- Feb 10, 2005
- Reaction score
- Montgomery, Al
Chicago homicides soar in first quarter of 2012
April 12, 2012|By Jeremy Gorner, Chicago Tribune reporter
Homicides in Chicago soared by 60 percent in the first three months of 2012, continuing a troublesome trend that began late last year. Nonfatal shootings also rose sharply in the first quarter, Police Department statistics show.
The worsening violence comes as the Emanuel administration touts its efforts to combat gang crime and add officers and resources to some of the city's most dangerous neighborhoods.
Chicago police blame street gangs for much of the violence. Another contributing factor for the rise in homicides was the unseasonably warm weather this past winter, according to criminologists, but Chicago police Superintendent Garry McCarthy scoffed at that explanation earlier this year.
"In better weather, people are outside more, interacting more with neighbors, acquaintances, even strangers, and there's greater opportunity for conflict than when it's cold and windy," said James Alan Fox, a professor of criminology, law and public policy at Northeastern University in Boston.
Fox and other experts caution that concluding too much from a few months of crime statistics can be misleading and noted that in recent years Chicago has been at historic lows for homicides. But in 2008, the city saw similar spikes early in the year and ended up with more than 500 homicides, the only time that has happened in the last nine years.
From Jan. 1 through April 1 this year, 120 homicides were recorded in Chicago, up sharply from 75 in the same period in both 2011 and 2010, according to department statistics. Nonfatal shootings totaled almost 490 in the first three months of 2012, up 37 percent from a year earlier.
Crime in every other major category fell, including a 15 percent drop in sexual assaults and a 10 percent decline in burglaries. Overall crime dropped 10 percent citywide, according to the department.
To combat violence in two of Chicago's most violent neighborhoods, McCarthy saturated "conflict zones" in the Englewood and Harrison police districts with additional officers early this year as a long-term strategy.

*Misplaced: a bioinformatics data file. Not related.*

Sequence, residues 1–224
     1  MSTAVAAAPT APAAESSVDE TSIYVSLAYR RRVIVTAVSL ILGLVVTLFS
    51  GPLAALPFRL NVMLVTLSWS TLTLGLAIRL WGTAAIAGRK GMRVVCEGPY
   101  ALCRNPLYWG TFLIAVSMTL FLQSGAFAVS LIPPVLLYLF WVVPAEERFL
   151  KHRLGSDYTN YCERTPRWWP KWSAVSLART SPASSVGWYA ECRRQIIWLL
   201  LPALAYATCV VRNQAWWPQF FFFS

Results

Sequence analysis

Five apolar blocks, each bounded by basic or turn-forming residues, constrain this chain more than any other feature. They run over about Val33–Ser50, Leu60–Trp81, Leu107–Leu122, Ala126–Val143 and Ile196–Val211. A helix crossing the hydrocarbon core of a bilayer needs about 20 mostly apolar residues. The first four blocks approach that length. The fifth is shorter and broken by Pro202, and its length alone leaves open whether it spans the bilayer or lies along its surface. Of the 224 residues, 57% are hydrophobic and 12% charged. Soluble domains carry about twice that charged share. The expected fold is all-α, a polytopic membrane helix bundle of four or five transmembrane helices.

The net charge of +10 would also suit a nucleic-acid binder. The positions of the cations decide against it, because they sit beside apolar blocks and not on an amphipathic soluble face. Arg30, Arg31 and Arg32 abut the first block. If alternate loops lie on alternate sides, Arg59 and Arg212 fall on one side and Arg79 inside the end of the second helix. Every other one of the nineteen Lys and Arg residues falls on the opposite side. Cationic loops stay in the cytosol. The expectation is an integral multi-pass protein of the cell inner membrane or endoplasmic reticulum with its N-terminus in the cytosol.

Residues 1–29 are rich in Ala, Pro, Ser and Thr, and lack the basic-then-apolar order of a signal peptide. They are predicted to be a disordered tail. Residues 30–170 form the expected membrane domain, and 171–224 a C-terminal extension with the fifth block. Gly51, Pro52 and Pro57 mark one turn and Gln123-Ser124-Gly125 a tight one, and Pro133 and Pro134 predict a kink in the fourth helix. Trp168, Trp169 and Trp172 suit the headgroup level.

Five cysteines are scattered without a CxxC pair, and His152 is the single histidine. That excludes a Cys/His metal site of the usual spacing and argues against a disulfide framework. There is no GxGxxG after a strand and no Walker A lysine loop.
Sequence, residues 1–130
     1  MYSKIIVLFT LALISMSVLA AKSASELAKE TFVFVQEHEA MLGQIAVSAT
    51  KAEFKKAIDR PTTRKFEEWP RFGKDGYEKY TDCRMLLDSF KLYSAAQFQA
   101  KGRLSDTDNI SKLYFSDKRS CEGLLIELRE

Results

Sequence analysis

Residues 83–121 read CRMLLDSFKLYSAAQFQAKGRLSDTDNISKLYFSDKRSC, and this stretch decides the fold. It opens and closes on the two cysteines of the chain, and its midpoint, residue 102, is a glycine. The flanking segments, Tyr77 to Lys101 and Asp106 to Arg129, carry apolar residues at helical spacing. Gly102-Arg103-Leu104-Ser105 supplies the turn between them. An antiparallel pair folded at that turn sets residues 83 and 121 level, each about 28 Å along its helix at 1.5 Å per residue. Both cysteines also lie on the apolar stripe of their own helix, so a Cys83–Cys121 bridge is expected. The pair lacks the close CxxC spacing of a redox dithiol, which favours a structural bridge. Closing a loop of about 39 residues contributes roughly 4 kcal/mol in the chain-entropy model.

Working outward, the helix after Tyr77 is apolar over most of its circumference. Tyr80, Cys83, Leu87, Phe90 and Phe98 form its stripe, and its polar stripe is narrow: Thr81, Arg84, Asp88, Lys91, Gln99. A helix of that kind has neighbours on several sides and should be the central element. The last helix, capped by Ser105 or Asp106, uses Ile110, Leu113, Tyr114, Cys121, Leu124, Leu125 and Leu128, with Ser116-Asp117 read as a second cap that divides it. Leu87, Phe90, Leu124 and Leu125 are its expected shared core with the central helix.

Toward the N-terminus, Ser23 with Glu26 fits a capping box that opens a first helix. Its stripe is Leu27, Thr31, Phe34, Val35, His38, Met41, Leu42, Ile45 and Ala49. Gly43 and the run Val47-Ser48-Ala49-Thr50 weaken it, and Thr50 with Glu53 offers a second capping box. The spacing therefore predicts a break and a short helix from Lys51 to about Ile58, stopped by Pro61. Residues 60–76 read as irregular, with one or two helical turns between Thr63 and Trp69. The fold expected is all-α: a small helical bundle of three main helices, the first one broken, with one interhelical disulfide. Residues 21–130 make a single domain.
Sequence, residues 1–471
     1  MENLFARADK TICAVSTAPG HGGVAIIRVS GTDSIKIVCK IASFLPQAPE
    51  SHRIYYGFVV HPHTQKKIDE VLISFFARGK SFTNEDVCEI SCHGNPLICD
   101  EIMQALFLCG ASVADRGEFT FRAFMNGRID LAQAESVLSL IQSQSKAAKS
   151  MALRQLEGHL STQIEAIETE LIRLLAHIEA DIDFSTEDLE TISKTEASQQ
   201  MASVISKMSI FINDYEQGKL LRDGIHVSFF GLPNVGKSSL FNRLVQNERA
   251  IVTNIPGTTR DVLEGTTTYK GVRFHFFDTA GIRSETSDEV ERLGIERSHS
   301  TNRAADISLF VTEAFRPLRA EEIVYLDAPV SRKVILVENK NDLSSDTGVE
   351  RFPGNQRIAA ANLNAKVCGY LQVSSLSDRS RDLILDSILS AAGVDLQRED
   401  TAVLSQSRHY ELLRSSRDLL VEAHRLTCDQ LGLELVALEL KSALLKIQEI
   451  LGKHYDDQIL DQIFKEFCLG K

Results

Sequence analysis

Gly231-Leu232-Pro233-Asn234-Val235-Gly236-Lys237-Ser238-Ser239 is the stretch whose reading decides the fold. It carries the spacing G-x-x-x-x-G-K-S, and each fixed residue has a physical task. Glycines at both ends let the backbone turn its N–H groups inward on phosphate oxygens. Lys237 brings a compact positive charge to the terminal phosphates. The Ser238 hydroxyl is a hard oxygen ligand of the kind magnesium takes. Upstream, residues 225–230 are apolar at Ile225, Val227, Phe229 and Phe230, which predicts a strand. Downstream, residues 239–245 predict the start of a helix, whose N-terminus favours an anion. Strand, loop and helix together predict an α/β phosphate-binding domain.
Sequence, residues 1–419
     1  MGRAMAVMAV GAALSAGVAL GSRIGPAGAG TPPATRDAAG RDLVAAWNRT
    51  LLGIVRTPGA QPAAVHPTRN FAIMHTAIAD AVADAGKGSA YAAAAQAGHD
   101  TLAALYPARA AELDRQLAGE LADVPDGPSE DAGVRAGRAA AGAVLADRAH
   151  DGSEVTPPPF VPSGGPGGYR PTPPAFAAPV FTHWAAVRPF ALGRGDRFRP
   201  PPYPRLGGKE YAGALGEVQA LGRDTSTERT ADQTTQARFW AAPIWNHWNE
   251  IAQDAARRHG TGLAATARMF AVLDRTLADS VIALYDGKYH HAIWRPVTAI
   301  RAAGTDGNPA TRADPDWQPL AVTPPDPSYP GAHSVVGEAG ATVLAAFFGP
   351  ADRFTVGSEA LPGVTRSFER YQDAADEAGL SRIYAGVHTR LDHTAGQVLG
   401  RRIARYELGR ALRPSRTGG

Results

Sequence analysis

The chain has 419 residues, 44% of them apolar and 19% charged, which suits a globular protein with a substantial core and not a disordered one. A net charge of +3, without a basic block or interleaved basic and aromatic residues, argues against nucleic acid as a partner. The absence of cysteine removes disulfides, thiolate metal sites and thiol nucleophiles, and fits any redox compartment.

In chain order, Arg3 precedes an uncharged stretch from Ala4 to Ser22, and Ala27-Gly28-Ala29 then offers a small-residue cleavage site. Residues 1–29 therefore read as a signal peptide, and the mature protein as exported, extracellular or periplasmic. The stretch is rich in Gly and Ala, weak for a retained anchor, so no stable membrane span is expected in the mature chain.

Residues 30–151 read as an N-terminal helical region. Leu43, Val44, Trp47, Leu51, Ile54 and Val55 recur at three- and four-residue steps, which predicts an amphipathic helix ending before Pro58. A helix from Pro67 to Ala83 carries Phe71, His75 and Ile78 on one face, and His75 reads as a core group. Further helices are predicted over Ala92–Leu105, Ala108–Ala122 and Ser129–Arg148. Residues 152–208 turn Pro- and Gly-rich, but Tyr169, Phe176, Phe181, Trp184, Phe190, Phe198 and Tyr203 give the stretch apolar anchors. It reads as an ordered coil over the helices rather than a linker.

But the early results appear mixed. Through April 1, homicides fell to six in the Harrison District on the West Side, down from nine a year earlier. But killings almost doubled in the Englewood District on the South Side, jumping to 15 from eight. Nonfatal shootings rose sharply in both districts, however.
Homicides were also up sharply in the Ogden and Chicago Lawn police districts, the statistics show.
In mid-January, McCarthy trumpeted that Chicago had gone 24 hours without a single homicide or shooting. But by near the end of the month, killings had risen 54 percent. At the time, McCarthy expressed confidence that homicides would go down when shootings fell. At that point, the number of shootings was the same as in 2011. But since the beginning of 2012, nonfatal shootings have risen by more than a third.
During one particularly violent weekend last month, 49 people were shot — 10 of them fatally, including a 6-year-old girl as she sat between her mom's legs on the family's Little Village front porch. The violence was largely concentrated on the South and Southwest sides.
In the last two weeks of March, the violence continued unabated. The department's statistics show that 26 people were killed and more than 80 nonfatal shootings occurred from March 19 through April 1.
At the end of March, McCarthy reshuffled his command staff, replacing commanders in five of the city's 23 districts.
"We took a pretty big hit for the first quarter of this year," Bob Tracy, chief of the department's crime control strategies, acknowledged in a telephone interview Wednesday.
Tracy said a lot of retaliatory shootings among "some of our younger gang members" contributed to the spike.
Tracy insisted that keeping officers on beat patrols will prove more effective in the long run than having cops work in specialized units like the now-defunct Mobile Strike Force. The department is making strides in ensuring that its beat officers and citywide gang units work more closely together to determine where gang conflicts exist and identify their main players, he said.
"We're making sure the intelligence is in the hands of the officers," Tracy said. "As we keep our plan going, I think in the long run you're going to start seeing a decline in the violence."
The president of the Fraternal Order of Police, the union that represents rank-and-file cops, continued to blame the rising violence on the department's failure to replace retiring officers.
"Any officer will tell you that the Chicago Police Department is short-staffed, except for the superintendent," said Michael Shields. "This year's budget was balanced at the expense of public safety."